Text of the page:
From Bath House reports
The Bath House Cultural Center presents the 33rd Annual Día de los Muertos (Day of the Dead) art exhibition, Oct. 12-Nov. 16. The exhibition features Day of the Dead visual art and altars in a variety of media created by local, national and international artists. A reception with the artists is on Sunday, Oct. 13 from 5-7 p.m. The event is free and open to the public. The works featured in the 2019 Día de los Muertos exhibition are inspired by the Day of the Dead character Catrina, and by the legacy of other prominent women. Catrina has been an iconic symbol of the Day of the Dead celebration for many years.
The character has been seen by people in many different ways throughout her interesting evolution. Catrina first came to life on an etching that was created around 1910 by printmaker José Guadalupe Posada, a highly prominent and respected artist from Mexico. Catrina, a genuine grande dame of death, is one of various comical illustrations of skeletons that were made famous by Posada. On his print, Catrina is depicted as a lavishly elegant woman who wears formal attire with much pride and exuberance.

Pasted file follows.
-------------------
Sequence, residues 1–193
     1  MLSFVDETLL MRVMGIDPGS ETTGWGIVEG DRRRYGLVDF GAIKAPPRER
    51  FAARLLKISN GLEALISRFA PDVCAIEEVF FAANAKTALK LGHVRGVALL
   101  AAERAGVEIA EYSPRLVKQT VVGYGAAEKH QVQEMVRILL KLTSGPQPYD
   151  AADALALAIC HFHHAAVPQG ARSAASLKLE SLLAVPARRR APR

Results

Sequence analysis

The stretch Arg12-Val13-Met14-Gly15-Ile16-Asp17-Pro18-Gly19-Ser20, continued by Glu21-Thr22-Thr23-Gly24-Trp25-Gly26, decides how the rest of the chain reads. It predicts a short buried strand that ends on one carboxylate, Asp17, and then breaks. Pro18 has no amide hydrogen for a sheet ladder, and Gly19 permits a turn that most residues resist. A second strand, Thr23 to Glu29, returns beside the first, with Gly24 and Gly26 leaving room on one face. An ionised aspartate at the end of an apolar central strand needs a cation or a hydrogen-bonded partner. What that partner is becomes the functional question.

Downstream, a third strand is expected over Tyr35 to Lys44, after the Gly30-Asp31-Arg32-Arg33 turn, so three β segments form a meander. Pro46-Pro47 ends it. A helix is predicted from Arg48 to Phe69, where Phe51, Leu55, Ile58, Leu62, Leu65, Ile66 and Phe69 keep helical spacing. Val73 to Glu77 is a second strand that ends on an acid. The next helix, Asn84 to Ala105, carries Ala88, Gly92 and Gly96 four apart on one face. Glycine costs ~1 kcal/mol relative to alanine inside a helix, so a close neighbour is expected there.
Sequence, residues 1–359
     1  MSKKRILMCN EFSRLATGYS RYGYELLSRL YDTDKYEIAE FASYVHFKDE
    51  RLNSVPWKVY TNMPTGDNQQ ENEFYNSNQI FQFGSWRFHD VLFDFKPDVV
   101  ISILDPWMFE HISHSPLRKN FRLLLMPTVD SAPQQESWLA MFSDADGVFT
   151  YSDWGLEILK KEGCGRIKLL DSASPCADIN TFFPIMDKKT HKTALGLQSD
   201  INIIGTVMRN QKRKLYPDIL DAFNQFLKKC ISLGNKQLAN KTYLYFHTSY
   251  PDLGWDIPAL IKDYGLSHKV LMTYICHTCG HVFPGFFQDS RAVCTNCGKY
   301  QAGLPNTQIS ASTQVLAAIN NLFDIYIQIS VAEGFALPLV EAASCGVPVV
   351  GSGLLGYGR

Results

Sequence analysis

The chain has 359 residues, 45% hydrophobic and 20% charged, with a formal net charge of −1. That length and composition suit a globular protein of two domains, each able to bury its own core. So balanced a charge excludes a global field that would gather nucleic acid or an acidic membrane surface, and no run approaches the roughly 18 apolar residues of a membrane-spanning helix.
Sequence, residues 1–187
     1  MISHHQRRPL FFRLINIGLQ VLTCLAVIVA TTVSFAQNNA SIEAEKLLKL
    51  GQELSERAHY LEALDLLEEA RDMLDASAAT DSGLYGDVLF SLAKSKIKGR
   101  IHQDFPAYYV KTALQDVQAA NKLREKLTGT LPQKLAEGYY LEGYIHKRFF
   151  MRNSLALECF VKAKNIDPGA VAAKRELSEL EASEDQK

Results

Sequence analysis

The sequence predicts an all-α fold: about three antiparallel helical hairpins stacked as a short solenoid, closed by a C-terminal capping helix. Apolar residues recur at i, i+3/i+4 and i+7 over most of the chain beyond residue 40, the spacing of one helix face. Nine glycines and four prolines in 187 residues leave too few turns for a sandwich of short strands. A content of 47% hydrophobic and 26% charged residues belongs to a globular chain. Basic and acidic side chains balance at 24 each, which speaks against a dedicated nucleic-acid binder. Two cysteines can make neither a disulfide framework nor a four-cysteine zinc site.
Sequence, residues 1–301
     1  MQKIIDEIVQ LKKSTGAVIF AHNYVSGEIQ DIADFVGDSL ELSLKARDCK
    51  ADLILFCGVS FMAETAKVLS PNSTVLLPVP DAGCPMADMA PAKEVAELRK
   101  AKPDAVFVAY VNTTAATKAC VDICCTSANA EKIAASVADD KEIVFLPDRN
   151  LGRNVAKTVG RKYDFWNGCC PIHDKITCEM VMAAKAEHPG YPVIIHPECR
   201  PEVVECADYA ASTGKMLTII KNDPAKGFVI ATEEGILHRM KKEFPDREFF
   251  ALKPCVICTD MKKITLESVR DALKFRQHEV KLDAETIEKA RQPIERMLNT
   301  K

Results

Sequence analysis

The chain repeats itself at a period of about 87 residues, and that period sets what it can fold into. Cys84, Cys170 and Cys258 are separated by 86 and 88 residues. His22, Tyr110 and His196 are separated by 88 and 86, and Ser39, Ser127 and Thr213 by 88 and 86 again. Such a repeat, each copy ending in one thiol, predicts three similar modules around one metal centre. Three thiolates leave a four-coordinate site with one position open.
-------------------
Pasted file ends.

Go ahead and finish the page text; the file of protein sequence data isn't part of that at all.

Although Catrina is now perceived as a cheerful personification of the Day of the Dead, she was originally created as a piece of political satire that mocked people of Mexico who, in the beginning of the 20th century, showed an obsession with European materialism and style and disregarded their own indigenous culture.
Catrina later became a symbol of the contrasts between the upper and lower classes of Mexico. In more modern times, however, we see Catrina as a beloved image of the Day of the Dead celebration that represents not only the gleeful nature of the festivity but also the promotion of gender equality and the empowerment of women.
Enrique Fernández Cervantes curated this exhibition. The Bath House is located at 521 E. Lawther Dr. next to White Rock Lake. Call 214-670-8749 for more information about the event or visit the website bathhouse.dallasculture.org.